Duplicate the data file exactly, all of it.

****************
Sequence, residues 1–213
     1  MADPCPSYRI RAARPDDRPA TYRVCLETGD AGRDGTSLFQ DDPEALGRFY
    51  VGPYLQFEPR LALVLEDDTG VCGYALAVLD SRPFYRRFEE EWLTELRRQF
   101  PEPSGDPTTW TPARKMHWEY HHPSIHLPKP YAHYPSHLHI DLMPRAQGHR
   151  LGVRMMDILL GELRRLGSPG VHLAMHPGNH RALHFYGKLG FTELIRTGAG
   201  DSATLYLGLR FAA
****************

Sequence, residues 1–213
     1  MADPCPSYRI RAARPDDRPA TYRVCLETGD AGRDGTSLFQ DDPEALGRFY
    51  VGPYLQFEPR LALVLEDDTG VCGYALAVLD SRPFYRRFEE EWLTELRRQF
   101  PEPSGDPTTW TPARKMHWEY HHPSIHLPKP YAHYPSHLHI DLMPRAQGHR
   151  LGVRMMDILL GELRRLGSPG VHLAMHPGNH RALHFYGKLG FTELIRTGAG
   201  DSATLYLGLR FAA